Then I drop into the record section, where I set some expectations on the objects I’m collaborating with. The first expectation says that I expect an instance of a BatchInput to be provided to this Execute method when called. Please note, and it took me a while to intellectually really grasp this, the batches[0] that I’m passing to the Create method is really just a place holder. This is the weird part here — I’m not actually calling the factory.Create method here, I’m signaling the mocking framework that this is a method I’m about to set some expectations on. I could have just as easily, in this case, passed in null in place of the argument, but I thought null didn’t communicate very clearly. What I do mean is that I expect some instance of a BatchInput to be provided to this method. Maybe I would have done better by new’ing one up in place of using batches[0]???? It is not the value or identity of the object that matters here at all, it is the type, and only because a) the compiler needs it and b) it communicates test intent. The rest of that expectation states that I’m only going to expect this method to be called once, and is allowing me to specify what object will be returned when this method is called. This last part is one of the hardest parts for me to have initially grasped. I was unsure whether this framework was asserting that the mocked method would return the value I passed it, or whether it was allowing me to set up the value that would be returned when it was called. In looking back, the second option is the only one that makes any sense at all, since these expectations are being set on methods that are 100% mocked out and have no ability to return anything without me specifying it in some way. Doh!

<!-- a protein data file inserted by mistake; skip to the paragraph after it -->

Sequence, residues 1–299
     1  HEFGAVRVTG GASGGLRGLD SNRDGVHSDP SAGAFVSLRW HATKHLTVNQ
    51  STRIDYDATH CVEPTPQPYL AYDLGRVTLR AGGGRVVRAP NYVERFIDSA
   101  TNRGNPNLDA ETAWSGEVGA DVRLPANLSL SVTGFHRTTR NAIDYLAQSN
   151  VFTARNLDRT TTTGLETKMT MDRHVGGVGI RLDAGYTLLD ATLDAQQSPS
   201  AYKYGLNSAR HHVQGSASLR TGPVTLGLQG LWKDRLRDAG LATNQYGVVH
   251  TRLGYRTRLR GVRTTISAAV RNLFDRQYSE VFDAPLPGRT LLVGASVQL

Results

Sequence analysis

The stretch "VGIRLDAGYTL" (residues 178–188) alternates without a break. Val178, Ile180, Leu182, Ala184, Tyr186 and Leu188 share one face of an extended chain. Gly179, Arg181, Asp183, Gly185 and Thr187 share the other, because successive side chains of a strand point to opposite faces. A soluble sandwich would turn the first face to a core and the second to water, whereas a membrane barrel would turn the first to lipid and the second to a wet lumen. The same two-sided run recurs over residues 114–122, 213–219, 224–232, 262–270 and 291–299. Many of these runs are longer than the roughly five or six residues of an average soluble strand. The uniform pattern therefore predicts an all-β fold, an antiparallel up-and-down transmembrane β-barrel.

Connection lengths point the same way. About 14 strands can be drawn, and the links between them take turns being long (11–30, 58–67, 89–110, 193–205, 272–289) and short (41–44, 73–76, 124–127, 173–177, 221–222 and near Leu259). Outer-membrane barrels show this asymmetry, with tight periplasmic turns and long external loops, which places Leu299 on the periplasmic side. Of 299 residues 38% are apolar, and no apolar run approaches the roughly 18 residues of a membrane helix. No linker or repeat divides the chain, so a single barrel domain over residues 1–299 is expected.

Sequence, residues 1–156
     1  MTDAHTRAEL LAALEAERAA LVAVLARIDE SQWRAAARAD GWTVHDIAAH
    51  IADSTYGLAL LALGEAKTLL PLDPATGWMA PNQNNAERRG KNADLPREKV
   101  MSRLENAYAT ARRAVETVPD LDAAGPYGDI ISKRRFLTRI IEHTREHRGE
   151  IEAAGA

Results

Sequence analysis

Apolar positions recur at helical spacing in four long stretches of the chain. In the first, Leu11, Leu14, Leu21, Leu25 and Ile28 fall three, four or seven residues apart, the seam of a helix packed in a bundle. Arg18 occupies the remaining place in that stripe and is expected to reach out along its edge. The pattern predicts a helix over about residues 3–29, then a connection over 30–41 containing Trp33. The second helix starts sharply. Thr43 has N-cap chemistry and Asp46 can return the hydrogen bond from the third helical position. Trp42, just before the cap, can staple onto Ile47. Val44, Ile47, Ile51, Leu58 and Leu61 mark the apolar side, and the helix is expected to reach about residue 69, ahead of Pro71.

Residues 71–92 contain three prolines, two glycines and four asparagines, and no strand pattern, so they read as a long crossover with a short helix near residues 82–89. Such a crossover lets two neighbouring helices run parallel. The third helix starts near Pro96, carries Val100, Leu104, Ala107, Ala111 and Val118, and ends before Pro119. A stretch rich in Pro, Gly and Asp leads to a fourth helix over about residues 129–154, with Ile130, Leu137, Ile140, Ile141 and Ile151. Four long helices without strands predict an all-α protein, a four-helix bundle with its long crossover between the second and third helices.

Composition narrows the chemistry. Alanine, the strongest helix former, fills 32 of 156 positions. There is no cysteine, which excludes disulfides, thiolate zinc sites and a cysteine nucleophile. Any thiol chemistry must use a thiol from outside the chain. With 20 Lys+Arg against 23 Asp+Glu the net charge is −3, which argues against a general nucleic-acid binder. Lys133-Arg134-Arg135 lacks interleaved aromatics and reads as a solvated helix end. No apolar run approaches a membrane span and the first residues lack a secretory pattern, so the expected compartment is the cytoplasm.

The second expectation is where I set up the fact that I expect the same object that was returned from the Create call to be the object passed to this call. Again, I do this through the Constraint, not through the value actually passed to the executor.Execute() method. I could just as easily passed in null there, but it wouldn’t have communicated as clearly.

Finally, I get to the playback section, call my method, and the test is over.

This is the code that I wrote to make this test pass:

public List<ProcessOutput> Process(List<BatchInput> batches)
{
    List<ProcessOutput> results = new List<ProcessOutput>();

    PayrollCommand command = factory.Create(batches[0]);
    executor.Execute(command);

    return results;
}

I know I’m not handling the results at all yet, but I’m pretty sure I can flesh out what will happen with those at some point soon.

In my second test, I’ll worry about how to handle multiple BatchInput objects. Again, this is a very common pattern for me, starting with one of something to get the logic right, and then moving on to multiple, to put in any looping logic I need. Here is the second test: